National Ballet of China
National Ballet of China
Hong Kong Cultural Centre, Hong Kong
November 24–28, 2004
Reviewed by Kevin Ng
Celebrating its 45th anniversary with a national tour, the National Ballet of China presented the full-length Sylvia along with an all-Balanchine program that finally puts Hong Kong on the world map of celebrants of the greatest choreographer of the 20th century’s centennial. (Regrettably, Hong Kong Ballet no longer performs his works.)
Of the three Balanchine works given, The Four Temperaments was the most vibrantly danced. Staged by New York City Ballet’s Nilas Martins, it made an ideal showcase for the company’s strengths. Several young dancers looked particularly attuned to the Balanchine style: Meng Ningning, who led the Sanguinic movement with Sun Jie, dancing incisively on a big scale, and Zhu Yan, who was radiant as Choleric.
Both principal dancers also impressed in Serenade, Zhu expressive in the waltz and Meng joyful as the Russian ballerina. The corps de ballet’s mechanical dancing in Serenade, however, gave the performance a lackluster feel.
The corps showed far more spirit in Theme and Variations. In the second-cast principal role, Zhang Jian danced lucidly and with assurance in her debut, and the first-cast ballerina, the sublime Zhu, conveyed every nuance of Balanchine’s choreography with her eloquent, silken dancing. Long-limbed, fine-boned, musical, and endowed with an exquisite line, Zhu has delicacy and strength and could easily fit into New York City Ballet.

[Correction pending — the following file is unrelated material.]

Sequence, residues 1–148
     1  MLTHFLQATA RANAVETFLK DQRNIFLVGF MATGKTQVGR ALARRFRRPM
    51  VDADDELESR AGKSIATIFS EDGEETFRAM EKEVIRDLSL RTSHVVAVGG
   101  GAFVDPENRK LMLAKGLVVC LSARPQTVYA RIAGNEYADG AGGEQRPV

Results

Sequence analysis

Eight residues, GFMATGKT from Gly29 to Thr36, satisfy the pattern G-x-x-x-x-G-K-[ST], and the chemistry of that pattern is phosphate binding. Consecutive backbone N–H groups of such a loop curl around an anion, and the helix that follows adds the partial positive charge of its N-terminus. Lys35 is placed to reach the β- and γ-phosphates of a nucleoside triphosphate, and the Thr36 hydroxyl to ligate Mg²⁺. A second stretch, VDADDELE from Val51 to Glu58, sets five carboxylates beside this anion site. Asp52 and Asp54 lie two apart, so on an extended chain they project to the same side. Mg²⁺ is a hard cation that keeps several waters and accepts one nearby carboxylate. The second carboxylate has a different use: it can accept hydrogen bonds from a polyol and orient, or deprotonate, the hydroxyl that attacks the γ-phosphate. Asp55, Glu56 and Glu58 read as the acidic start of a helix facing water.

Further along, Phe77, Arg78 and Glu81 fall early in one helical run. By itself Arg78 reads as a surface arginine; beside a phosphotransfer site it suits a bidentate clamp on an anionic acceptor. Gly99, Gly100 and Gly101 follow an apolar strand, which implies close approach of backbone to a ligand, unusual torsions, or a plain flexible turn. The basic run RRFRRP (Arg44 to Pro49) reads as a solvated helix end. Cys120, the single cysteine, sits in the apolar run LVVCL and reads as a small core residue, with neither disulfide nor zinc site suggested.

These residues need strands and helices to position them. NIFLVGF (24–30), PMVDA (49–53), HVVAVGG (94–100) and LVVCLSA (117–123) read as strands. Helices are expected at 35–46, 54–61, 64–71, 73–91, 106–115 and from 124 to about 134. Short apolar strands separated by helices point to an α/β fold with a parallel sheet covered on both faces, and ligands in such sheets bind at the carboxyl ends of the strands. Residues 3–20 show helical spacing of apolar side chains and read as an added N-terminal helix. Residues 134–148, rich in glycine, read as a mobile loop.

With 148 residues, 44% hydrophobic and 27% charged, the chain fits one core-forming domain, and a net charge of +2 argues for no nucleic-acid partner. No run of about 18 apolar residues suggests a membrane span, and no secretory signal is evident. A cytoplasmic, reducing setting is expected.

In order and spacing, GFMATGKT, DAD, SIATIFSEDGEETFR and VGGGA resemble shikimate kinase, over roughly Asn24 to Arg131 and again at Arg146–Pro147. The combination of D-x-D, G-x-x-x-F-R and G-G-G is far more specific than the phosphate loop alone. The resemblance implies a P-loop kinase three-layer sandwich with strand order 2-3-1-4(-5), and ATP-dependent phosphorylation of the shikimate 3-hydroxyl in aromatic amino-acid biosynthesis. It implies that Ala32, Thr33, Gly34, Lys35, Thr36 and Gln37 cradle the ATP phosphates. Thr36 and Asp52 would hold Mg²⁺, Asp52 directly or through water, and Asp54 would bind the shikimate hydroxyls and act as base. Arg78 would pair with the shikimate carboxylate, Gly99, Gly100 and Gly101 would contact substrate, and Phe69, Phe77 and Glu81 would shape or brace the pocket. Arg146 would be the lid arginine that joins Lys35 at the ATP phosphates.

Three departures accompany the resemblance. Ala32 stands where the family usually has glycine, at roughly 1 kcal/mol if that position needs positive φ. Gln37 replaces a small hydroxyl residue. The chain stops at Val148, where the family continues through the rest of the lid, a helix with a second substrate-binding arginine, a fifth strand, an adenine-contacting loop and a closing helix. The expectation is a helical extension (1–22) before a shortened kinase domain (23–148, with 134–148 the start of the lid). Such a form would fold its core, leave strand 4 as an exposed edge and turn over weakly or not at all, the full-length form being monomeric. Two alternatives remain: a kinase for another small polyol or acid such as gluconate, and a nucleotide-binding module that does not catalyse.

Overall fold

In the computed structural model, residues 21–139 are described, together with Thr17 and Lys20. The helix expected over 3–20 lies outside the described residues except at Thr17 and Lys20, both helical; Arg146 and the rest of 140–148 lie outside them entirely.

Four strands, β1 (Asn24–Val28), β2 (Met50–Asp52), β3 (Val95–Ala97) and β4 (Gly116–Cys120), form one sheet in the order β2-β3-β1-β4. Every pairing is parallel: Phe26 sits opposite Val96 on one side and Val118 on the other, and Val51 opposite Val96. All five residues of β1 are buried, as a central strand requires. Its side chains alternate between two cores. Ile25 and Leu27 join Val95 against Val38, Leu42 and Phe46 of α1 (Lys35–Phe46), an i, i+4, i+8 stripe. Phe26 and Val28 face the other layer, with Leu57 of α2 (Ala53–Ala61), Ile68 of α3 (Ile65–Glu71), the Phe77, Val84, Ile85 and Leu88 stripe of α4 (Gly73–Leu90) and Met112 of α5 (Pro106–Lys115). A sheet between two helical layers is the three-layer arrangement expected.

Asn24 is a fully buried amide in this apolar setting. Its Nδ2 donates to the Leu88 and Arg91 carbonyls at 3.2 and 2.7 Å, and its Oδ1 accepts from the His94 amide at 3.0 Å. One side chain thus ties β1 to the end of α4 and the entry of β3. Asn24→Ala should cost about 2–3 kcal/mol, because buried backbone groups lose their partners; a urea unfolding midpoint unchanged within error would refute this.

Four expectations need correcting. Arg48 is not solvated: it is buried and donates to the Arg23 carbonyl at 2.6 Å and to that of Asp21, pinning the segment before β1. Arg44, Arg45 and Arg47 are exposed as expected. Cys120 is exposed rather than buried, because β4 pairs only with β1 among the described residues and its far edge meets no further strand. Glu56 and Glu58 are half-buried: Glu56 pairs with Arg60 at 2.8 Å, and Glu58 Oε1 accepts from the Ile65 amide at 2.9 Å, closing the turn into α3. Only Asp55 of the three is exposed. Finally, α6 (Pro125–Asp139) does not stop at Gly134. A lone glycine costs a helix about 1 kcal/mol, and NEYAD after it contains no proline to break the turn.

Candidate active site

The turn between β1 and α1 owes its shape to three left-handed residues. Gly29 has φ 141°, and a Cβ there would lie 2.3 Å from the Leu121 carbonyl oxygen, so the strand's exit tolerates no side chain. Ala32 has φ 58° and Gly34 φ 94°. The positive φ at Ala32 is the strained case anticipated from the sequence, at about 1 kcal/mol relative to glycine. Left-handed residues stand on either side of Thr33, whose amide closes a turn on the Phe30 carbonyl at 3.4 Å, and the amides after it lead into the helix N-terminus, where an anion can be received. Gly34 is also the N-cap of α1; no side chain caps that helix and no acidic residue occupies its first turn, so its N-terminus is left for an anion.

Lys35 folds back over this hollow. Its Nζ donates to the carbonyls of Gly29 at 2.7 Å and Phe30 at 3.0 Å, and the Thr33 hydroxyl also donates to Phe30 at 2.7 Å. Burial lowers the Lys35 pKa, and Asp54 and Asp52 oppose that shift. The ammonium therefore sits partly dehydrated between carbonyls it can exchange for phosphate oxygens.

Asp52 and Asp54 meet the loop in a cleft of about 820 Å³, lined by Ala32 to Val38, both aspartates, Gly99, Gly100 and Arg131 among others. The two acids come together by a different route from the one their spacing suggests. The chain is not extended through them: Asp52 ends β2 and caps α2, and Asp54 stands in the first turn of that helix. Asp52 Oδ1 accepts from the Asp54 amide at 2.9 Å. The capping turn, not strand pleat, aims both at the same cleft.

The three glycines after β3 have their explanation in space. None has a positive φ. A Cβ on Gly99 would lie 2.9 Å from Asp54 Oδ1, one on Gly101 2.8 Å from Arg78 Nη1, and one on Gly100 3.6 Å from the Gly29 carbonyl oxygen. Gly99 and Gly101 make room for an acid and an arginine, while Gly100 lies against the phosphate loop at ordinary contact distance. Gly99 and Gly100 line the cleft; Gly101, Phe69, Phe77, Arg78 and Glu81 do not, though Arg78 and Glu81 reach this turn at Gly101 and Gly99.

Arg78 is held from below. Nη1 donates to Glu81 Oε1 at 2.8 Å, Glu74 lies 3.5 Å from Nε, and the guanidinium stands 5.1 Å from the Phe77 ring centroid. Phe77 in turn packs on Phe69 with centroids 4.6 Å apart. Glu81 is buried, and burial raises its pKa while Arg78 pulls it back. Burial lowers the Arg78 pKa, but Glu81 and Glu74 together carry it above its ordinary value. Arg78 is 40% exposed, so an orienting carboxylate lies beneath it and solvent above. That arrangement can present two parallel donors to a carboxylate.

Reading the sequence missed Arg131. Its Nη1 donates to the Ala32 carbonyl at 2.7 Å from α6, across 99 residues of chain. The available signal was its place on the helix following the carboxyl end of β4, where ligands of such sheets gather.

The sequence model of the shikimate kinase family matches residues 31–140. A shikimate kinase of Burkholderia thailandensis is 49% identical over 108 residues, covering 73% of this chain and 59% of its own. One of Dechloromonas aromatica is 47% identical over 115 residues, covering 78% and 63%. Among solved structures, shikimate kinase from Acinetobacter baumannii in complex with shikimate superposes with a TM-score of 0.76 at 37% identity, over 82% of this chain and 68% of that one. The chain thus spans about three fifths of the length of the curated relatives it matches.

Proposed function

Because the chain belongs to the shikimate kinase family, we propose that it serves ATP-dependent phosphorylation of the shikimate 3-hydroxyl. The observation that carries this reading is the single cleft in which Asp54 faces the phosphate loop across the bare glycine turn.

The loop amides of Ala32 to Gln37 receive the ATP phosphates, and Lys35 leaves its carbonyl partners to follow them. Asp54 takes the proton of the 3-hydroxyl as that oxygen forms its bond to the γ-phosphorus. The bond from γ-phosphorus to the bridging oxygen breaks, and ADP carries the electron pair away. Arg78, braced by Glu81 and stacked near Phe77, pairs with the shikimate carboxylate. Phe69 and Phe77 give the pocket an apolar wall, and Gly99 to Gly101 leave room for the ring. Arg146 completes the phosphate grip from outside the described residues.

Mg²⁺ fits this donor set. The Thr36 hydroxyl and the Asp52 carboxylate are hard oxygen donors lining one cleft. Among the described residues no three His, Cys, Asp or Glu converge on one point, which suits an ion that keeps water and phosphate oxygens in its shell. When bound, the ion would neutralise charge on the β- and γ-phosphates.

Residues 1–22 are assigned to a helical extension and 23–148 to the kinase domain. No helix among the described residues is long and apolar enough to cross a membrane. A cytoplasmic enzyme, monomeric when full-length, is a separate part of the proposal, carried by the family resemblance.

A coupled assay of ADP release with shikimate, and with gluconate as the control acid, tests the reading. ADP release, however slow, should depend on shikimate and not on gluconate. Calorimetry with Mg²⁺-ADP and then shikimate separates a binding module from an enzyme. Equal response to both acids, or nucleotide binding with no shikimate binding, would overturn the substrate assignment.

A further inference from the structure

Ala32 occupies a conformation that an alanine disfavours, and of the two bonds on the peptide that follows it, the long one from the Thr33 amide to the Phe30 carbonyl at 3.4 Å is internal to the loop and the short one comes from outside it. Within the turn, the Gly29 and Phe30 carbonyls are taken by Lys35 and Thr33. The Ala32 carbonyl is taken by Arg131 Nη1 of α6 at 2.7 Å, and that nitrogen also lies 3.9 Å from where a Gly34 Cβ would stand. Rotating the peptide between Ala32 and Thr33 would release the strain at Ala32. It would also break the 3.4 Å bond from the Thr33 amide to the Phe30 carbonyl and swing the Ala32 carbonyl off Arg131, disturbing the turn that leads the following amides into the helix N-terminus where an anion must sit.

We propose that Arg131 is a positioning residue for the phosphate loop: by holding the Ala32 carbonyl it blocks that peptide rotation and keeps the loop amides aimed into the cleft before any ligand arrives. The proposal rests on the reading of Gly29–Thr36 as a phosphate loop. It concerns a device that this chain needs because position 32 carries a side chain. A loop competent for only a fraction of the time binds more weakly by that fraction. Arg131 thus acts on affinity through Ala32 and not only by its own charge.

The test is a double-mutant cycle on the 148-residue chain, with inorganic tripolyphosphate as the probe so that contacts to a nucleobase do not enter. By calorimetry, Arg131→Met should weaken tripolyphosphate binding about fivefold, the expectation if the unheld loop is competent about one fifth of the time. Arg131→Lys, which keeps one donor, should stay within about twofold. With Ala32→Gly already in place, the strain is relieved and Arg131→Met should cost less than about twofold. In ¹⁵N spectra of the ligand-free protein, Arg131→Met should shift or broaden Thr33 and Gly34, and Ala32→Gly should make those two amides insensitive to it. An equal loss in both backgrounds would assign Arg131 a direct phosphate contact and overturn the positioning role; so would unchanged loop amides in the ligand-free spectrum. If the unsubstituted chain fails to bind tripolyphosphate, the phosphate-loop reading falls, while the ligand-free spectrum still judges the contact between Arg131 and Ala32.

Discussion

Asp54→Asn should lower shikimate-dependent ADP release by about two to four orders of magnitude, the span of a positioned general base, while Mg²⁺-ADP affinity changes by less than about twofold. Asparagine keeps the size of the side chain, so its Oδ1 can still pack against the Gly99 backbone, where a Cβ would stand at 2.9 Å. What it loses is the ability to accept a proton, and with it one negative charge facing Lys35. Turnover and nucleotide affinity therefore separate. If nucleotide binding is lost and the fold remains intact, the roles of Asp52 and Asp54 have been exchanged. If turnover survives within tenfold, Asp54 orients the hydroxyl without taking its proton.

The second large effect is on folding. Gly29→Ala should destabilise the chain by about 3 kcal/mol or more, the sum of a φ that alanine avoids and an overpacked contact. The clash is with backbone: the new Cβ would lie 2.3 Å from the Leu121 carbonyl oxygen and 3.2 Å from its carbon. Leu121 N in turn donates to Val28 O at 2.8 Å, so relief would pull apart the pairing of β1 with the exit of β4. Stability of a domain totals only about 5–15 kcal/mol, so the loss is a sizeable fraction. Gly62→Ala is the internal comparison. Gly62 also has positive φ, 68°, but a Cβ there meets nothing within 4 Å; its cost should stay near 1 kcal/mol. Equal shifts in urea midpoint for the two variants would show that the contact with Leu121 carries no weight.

The company’s Sylvia, Lycette Darsonval’s version based on Louis Merante’s original 19th-century choreography for the Paris Opéra Ballet, was restaged for them by several POB ballet masters. Set to Delibes’ enchanting score, the ballet’s enticing variety of dances makes up for the flimsy story about a shepherd, Aminta, who falls in love with the beautiful nymph Sylvia, who is kidnapped by the crude but lovestruck hunter Orion. Zhu, whose pure, classical temperament makes her ideal for the title role, danced it gorgeously on opening night. Her solos and third-act pas de deux sparkled with technical fireworks. Li, as Aminta, also dazzled in his third-act solo. But this historically significant production, despite sets lacking in grandeur, had more to applaud than its principal dancers. The corps women made the ensemble sections a vision of beauty and harmony, and the National Ballet’s Symphony Orchestra, conducted by Zhang Yi, performed sumptuously.